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Weighing Nuclear Plant's Costs, Benefits

by Sandi Doughton
Seattle Times, July 2, 2011

(Steve Ringman) The spent-fuel pool that holds used fuel rods is similar to those damaged at Japan's Fukushima nuclear complex. Nuclear experts say it's the most vulnerable part of the plant. Whether the Columbia Generating Station has been a good deal for Washington power consumers depends on how you slice and dice the numbers, says Jim Lazar, an Olympia-based economist who specializes in power issues.

"If you look back at what the power from this plant has cost in total, it's clearly not a good deal," Lazar said. "But if you ask 'Does it make sense to keep running it today?' The answer is 'yes.' "

With interest, the outstanding debt on the plant is $3.6 billion.

When those payments are factored in along with depreciation, waste disposal, administrative expenses and all other costs reported annually by Energy Northwest, Lazar calculates power from the nuclear plant averages about 6.5 cents per kilowatt hour (kwh) -- more expensive than hydropower, coal and natural gas.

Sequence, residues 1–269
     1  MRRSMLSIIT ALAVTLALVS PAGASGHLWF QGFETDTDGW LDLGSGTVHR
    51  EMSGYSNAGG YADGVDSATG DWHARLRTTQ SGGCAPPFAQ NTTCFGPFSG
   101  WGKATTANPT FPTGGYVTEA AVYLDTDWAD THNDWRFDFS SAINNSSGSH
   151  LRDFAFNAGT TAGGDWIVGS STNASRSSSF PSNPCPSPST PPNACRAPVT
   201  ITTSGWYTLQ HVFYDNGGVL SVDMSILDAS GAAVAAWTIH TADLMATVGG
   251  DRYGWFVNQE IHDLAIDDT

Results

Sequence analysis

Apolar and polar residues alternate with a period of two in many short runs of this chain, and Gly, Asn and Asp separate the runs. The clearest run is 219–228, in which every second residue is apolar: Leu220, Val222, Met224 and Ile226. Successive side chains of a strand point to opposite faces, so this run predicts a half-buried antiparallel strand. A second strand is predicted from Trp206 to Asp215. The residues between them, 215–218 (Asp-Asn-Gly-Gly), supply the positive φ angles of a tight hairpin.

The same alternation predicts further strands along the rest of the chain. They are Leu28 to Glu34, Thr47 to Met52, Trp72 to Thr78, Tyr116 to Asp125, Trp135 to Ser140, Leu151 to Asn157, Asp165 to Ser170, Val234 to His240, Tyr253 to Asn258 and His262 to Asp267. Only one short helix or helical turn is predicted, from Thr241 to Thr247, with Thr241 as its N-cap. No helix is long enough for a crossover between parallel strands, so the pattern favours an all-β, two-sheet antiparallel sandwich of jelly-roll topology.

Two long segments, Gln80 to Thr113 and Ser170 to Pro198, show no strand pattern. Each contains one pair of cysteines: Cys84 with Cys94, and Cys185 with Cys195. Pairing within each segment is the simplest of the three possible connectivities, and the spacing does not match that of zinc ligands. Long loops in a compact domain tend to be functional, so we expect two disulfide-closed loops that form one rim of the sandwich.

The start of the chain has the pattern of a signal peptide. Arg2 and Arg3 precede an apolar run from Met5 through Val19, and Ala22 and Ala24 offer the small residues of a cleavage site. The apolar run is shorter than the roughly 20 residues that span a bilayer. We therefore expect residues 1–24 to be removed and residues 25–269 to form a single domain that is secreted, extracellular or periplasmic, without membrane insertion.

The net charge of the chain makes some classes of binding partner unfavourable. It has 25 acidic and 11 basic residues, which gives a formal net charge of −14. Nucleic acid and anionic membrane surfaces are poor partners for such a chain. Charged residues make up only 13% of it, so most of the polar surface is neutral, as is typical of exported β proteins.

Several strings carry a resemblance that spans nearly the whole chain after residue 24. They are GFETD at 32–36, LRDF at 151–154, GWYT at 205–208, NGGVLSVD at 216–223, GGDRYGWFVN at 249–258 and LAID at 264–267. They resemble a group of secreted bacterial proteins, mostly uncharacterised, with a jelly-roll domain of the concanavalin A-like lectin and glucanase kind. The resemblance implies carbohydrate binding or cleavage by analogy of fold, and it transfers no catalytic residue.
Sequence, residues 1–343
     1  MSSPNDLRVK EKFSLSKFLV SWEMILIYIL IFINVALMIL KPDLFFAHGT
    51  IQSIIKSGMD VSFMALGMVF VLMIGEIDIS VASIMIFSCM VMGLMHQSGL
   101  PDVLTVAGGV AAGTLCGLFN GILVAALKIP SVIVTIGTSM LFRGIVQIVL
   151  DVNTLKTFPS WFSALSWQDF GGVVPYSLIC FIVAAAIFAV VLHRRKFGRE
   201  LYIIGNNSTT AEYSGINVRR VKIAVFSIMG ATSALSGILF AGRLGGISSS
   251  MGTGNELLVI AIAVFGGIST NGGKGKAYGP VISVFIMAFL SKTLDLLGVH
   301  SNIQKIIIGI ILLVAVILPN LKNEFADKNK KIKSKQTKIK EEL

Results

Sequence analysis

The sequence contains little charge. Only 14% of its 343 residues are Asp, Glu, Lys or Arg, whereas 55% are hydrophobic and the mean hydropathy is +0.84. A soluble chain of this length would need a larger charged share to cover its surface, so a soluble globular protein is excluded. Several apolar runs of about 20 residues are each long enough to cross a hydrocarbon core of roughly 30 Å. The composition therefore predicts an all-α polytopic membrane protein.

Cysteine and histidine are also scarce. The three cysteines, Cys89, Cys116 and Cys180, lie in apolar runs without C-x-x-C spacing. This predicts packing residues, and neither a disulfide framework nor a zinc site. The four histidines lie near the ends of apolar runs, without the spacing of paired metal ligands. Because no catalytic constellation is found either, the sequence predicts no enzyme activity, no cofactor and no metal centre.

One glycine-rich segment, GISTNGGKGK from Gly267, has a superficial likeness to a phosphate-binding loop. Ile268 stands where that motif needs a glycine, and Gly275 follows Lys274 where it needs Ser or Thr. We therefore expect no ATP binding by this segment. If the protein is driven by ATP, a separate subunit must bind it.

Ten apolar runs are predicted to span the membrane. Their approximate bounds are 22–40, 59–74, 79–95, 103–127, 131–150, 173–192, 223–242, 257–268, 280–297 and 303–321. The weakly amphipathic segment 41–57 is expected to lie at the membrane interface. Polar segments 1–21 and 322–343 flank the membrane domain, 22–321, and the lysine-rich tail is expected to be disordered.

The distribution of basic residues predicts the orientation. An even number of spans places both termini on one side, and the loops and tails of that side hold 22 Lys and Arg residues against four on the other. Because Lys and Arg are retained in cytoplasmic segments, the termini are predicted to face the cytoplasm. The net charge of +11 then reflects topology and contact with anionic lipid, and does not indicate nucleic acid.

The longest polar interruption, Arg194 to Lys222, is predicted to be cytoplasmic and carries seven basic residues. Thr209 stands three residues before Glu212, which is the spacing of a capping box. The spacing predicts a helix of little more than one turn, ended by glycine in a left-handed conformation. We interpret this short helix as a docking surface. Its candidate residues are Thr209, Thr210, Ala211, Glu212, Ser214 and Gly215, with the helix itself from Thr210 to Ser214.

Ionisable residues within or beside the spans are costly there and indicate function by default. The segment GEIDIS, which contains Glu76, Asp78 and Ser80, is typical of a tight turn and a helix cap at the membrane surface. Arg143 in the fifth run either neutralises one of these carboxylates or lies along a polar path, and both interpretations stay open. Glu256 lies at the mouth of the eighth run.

Looking only at operating and maintenance costs, Bonneville Power Administration (BPA) puts the price at 3.6 cents per kwh. Hydropower costs about 2.8 cents per kwh.

BPA has had to boost rates -- including a proposed 8 percent increase for 2012-13 -- to pay for upgrades at the nuclear-power plant. According to a 2009 BPA analysis, it costs more to maintain and operate the Columbia Generating Station than all 31 of the hydropower plants in the Columbia Basin combined.

But the plant provides about 10 percent of BPA's electricity, which would have to be replaced if it were shut down.

Leaving out money already spent, "if the plant can be run safely and reliably into the future," Lazar said, "then it's a good deal."

Information in this article, originally published July 2, 2011, was corrected July 12, 2011. A previous version of this story said independent power analyst Jim Lazar has calculated the total cost of power from Columbia Generating Station, with debt payments, depreciation and all other expenses factored in, as 7.4 cents per kilowatt hour. The correct number over the lifetime of the plant is about 6.5 cents per kwh.

Sandi Doughton
Weighing Nuclear Plant's Costs, Benefits
Seattle Times, July 2, 2011

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